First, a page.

What’s intriguing about places like Gillette and Trinidad is that they haven’t had to forsake their heritage in order to embrace new opportunities. Trinidad agreed to pay $45,000 for a series of paintings that depicts its coal history, particularly, the Ludlow Massacre. They are now housed in a coal museum that opened last year and is run by Yolanda Romero and her husband, Mike, who spent 36 years in nearby mines. Since the city started focusing on its art community, Mike says, “We’re getting a lot of younger people coming into town and starting to open different kinds of businesses.”


At the turn of the decade, the Trinidad tourism board approached Rodney Wood, an arts curator and painter, about coming up with a unique creative endeavor to draw eyeballs to the town. The result was an annual art car event — one car is an amalgamation of security-camera orbs-turned-eyeballs — similar to the famous parade in Houston, but more indie. Now in its fifth year, Trinidad’s ArtoCade will have more car entries in 2017 than San Francisco and Seattle combined, and both of those events have been around for nearly a quarter century, Wood says. “This world isn’t about commerce: what I can make and sell you. It’s more about being creative and sharing that with others.”

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Pat Patrick, who has lived in Trinidad for two decades, works on a “disco car” for ArtoCade.

Source Maura Friedman/OZY

Yet it has tangible results too. The event, which will bring 8,000 people to the town, was awarded the governor’s award for the state’s best festival in 2015 and draws the type of press coverage that small cities typically can’t buy. “This is a giant publicity stunt for Trinidad. It creates interest. That’s probably the hardest thing to measure, but also the most obviously felt,” Wood says. “People went from ‘What the heck is an art car?’ to ‘You must be from Trinidad.’”

Arts and culture are sustainable and year-round.

Marilyn Leuszler, Corazón de Trinidad Creative District

Now Trinidad is participating in a first-of-its-kind $14 million project called Space to Create, which aims to transform an entire block of Main Street into a complex with affordable housing, a gallery and a networking space for artists. The project, which opens later this year, was a joint effort of the Minneapolis-based nonprofit ArtSpace and the Corazón de Trinidad Creative District, one of Colorado’s approved districts that has received state funding. 

Perhaps it’s not surprising that Colorado has emphasized the arts under Gov. John Hickenlooper, who, as mayor of Denver, made a point of incentivizing creative endeavors. Now “there are more live-music venues in Denver than there are in Nashville or Austin,” Hickenlooper tells OZY. For the state, as well as for cities like Trinidad, it’s not just about giving people a reason to stay: “It’s who you invite to the party as well,” he says. “Our premise is that the young people who are increasingly the economy of tomorrow generally weren’t the most popular kids in class. … These are the guys who weren’t in the social mainstream and are generally on the periphery, and generally who they all hung out with were the artists and musicians.”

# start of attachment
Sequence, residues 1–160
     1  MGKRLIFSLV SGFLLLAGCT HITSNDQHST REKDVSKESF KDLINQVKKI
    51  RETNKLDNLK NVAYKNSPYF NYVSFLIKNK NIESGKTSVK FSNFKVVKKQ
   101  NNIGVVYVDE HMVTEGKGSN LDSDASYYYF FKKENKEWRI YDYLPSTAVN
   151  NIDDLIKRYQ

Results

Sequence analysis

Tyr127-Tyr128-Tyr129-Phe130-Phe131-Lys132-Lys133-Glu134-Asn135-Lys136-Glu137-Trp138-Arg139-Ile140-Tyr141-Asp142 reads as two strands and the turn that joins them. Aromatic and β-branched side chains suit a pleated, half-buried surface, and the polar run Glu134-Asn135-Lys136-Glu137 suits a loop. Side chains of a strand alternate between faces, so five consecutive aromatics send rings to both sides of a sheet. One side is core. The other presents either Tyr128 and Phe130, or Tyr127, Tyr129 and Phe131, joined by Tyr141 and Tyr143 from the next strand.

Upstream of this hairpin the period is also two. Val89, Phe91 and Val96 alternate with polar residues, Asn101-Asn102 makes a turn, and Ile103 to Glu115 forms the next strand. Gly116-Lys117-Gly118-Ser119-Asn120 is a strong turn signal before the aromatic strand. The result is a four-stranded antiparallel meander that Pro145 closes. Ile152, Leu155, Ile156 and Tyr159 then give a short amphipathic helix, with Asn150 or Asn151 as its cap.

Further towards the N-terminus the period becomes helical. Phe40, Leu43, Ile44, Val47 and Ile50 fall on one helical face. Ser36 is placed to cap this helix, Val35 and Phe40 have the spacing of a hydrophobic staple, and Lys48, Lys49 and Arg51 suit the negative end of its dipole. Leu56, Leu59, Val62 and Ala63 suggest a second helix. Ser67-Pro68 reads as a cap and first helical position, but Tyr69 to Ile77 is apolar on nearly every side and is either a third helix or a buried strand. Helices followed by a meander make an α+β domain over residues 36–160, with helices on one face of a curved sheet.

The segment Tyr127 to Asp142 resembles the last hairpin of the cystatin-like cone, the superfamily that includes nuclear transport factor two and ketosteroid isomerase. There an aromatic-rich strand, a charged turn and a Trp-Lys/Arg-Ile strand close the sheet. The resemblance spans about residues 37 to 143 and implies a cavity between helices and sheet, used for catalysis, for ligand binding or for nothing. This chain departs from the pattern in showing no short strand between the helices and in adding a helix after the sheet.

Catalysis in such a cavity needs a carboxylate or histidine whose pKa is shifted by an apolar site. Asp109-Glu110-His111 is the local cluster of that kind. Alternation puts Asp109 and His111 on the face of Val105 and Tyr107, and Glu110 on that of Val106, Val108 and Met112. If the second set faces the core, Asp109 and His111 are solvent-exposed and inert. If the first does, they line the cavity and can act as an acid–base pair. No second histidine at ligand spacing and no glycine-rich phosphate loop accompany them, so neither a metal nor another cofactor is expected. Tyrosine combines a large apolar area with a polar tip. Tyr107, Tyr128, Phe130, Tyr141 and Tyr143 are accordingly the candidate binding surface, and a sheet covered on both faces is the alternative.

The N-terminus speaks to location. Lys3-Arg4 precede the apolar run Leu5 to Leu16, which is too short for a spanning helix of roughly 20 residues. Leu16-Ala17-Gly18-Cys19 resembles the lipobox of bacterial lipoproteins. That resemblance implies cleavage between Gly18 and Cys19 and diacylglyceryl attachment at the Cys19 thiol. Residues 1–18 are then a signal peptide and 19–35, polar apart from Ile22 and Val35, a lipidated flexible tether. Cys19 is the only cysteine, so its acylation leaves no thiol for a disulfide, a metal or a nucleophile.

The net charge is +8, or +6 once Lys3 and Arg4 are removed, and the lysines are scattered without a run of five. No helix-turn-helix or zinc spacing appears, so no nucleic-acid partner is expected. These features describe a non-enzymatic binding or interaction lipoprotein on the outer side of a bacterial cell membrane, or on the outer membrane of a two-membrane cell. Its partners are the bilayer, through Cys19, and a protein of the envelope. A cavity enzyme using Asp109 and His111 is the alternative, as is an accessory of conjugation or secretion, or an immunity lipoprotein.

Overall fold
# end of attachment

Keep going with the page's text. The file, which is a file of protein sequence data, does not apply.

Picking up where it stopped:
The calendar for Trinidad’s evolution keeps filling with red-letter days. Since 2012, when it first received its district status, the town has participated in statewide summits, invited college professors and doctoral students to town for arts and economics research, and hosted numerous festivals, from ArtoCade to Trinidaddio Blues Fest. All the while, commercial building deals have surged, totaling 24 sales for $6 million, compared to just two sales in 2013 (and not a single one in 2010 during the recession). “Trinidad has desperately been looking for another venue for revenue, and the arts have been trying to creep their way in for some time,” says Jerry Campbell, vice chair of Trinidaddio. Marilyn Leuszler, chair of the Corazón de Trinidad Creative District, adds: “Arts and culture are sustainable and year-round.”

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A photo from the Trinidad coal history museum collection.

Source Maura Friedman/Ozy

While the Denvers and Santa Fes of the world have their charms, places like Trinidad are benefiting from the financial squeeze felt in large-city housing markets, which have seen rents go through the roof. “Galleries are dropping like flies in the hypergood markets,” Wood says. “You’re working like three jobs to work on your art three hours a week. The artists coming here are almost like pioneers.”

A creative shift can even benefit midsize cities such as Colorado Springs (pop. 465,101), which used its Colorado Creative Districts grant to hire a part-time staffer dedicated to artistic events. After the funding went dry, the city chose to fully underwrite the position, which helped create a First Art Friday and a professional busking program. Both efforts have found “a positive way to deal with otherwise negative, blighted situations,” says Hannah Parsons, chief economic development officer for the Colorado Springs Chamber of Commerce. “It does more than just do things for the arts. It educates communities.”